The magnificent Winelands region just outside of Cape Town is a delightful area to explore and enjoy on a day trip away or even a weekend away. Immerse yourself in rich history and experience stunning landscapes all while learning about the finer art of viticulture and sampling delicious wines. The three main towns that make up the region are all historically and culturally fascinating but each provides a unique flavor that needs to be experienced to be felt. Stellenbosch combines Cape Dutch history with education, art, and innovation. Franschhoek is the ultimate in luxury and refinement in a breathtaking setting. Paarl has a distinct countryside feeling and with excellent examples of historical architecture. It’s possible to visit all three towns on a Cape Town Safaris Cape Winelands Tour, read below to find out each uniquely charming town’s specific highlights.
Stellenbosch – Wine, Food and Art Capital of South Africa
Stellenbosch is completely surrounded by wine farms on all sides, with some hugging the slopes of the mountains and others sprawled out over rolling hills. With over 150 wine estates, there are vineyards as far as the eye can see. In the centre of this wine tasting mecca is a quaint historic little town that has more to offer than just boozy grapes and decadent wine tasting. Stellenbosch is the 2nd oldest town in South Africa, and the centre of the town is full of beautiful historical buildings tastefully combined with more modern styles.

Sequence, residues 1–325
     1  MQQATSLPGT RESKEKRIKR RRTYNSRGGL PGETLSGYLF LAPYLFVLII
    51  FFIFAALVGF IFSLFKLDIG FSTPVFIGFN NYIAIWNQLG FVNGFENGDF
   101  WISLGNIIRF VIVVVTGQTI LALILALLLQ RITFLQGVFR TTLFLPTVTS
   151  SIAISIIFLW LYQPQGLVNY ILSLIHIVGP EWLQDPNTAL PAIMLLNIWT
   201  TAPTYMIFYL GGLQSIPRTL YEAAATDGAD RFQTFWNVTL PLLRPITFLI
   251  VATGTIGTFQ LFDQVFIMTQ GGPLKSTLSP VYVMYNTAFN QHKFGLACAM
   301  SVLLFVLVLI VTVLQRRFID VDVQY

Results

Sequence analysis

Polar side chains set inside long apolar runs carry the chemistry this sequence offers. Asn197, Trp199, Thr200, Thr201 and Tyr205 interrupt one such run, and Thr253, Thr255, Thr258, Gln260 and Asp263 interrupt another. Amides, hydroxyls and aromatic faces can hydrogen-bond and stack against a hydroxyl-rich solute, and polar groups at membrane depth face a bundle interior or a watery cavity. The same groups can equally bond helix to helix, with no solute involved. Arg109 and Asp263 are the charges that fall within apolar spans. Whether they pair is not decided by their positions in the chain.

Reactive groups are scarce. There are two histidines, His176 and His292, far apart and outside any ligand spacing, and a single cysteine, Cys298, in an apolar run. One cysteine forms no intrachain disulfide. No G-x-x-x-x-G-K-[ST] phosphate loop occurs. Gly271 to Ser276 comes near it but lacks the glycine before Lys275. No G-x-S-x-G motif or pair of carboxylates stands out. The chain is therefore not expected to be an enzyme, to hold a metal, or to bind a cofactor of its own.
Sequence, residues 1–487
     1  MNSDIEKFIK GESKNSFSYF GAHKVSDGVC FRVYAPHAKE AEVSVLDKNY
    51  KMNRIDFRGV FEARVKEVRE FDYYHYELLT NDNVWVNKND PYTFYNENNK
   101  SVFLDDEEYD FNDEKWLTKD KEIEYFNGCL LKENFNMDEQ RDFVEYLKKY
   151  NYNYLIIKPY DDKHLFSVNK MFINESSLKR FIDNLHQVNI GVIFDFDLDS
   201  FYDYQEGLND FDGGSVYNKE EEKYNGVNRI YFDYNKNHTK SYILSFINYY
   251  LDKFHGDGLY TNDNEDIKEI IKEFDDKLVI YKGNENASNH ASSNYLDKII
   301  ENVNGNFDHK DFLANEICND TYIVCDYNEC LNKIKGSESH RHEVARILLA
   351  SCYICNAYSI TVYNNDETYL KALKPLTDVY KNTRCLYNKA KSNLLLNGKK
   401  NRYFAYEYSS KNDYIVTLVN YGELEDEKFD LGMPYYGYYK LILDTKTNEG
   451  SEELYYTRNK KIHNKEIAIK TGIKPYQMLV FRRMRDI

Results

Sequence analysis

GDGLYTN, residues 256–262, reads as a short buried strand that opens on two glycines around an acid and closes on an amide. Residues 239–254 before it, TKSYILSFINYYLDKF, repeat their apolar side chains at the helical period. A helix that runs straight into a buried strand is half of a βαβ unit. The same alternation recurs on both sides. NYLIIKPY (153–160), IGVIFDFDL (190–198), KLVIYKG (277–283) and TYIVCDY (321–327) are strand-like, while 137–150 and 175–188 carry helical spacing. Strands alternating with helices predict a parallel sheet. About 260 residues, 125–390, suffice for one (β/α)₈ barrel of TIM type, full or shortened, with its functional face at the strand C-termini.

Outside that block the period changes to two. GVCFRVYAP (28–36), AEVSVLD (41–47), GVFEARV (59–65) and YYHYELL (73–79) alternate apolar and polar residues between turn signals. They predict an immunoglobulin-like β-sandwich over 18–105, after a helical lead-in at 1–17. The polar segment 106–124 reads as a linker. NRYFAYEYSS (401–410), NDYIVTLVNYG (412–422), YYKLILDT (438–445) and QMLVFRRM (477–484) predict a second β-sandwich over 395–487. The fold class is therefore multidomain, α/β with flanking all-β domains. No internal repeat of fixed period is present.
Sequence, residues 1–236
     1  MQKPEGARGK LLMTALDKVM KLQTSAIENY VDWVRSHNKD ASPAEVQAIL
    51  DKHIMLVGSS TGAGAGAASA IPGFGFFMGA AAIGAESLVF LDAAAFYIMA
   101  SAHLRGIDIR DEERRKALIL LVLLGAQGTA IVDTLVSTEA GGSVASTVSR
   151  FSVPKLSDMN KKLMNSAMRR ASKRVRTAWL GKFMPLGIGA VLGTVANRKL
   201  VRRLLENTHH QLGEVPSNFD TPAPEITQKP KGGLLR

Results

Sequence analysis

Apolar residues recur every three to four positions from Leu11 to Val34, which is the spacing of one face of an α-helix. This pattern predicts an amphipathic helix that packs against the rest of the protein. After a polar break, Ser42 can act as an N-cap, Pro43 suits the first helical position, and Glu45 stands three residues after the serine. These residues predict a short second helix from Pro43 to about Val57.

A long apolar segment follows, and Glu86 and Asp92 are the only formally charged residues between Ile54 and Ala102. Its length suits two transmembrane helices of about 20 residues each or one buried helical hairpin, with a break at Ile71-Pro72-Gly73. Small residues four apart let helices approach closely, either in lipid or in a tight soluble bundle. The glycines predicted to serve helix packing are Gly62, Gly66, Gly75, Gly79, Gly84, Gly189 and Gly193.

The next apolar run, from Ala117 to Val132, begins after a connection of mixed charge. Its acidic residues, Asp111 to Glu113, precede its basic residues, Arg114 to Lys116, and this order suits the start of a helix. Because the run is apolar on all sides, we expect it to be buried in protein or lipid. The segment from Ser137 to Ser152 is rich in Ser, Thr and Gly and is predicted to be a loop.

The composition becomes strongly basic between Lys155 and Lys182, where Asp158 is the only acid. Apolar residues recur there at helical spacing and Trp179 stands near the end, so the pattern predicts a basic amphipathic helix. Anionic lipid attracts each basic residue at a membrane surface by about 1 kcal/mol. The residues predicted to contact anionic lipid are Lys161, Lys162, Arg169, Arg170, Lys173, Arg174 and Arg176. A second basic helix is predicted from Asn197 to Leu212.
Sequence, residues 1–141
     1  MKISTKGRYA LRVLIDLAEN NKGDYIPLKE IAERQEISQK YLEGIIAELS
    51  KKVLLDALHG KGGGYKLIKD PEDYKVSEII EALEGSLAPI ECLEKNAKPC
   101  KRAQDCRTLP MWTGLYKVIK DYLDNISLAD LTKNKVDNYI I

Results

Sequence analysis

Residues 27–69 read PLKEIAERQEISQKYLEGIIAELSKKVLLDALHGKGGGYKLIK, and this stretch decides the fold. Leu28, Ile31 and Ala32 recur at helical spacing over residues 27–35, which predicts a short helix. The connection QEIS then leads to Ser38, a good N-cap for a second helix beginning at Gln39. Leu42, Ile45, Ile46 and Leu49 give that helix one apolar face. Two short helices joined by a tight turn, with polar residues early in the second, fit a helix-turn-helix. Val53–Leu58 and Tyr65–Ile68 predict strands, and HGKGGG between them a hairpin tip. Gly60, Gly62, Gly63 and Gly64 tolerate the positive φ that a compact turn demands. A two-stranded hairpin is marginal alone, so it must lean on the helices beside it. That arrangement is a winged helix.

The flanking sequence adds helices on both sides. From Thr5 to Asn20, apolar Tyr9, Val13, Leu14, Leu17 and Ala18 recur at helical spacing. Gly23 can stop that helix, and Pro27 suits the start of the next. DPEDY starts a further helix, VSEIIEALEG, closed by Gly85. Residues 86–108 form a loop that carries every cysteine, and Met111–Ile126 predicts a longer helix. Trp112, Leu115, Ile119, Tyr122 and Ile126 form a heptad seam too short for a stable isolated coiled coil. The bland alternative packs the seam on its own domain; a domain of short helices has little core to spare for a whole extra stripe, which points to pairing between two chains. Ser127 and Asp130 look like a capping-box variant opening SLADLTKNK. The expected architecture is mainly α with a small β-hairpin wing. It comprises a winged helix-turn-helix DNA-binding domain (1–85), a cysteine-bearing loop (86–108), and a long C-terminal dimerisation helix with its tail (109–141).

No trip to the region is complete without a leisurely wander down Dorp Street which is renowned for having one of the longest rows of old buildings surviving in any major town in southern Africa. Walking through the town is itself an attraction, with oak tree lined avenues, a beautiful botanical garden, and mountains in the distance. The architecture is predominantly Cape Dutch and the walls are all a crisp white, providing a perfect backdrop to all the interesting sculptures on almost every corner that is part of an initiative to fill the town with art in public spaces.In the Winelands, Stellenbosch has the unique distinction of being a student town, providing an arty and slightly bohemian vibe with the added benefit of low budget eateries and lively bars. There are amazing restaurants to be found on the wine estates but the town itself also has a wide offering of dining options that can fit all tastes and budgets. For fine-dining Wijnhuis and Jardine are highly recommended and booking is strongly suggested. Basic Bistro, Oppie Dorp, and Java Café are fantastic medium range options dripping with charm. Schoon de Companje and De Warenmark are two eclectic eateries capitalizing on the town’s Dutch heritage combined with a quirky and modern feel.
Franschhoek – South Africa’s Culinary Capital
Franschhoek is loosely translated to “French corner” and is known as the valley where French Huguenot refugees settled in the 17th and 18th centuries fleeing religious persecution in France. The Huguenot Monument is a beautiful site to visit and the nearby Huguenot museum provides more https://capetownsafaris.com/wp-content/uploads/2009/07/Capture10.jpgrmation on their culture and history. The charming little town nestled in this beautiful corner of the Winelands has taken its French heritage and run with it. Almost all the streets, restaurants and wine farms have Francophone names.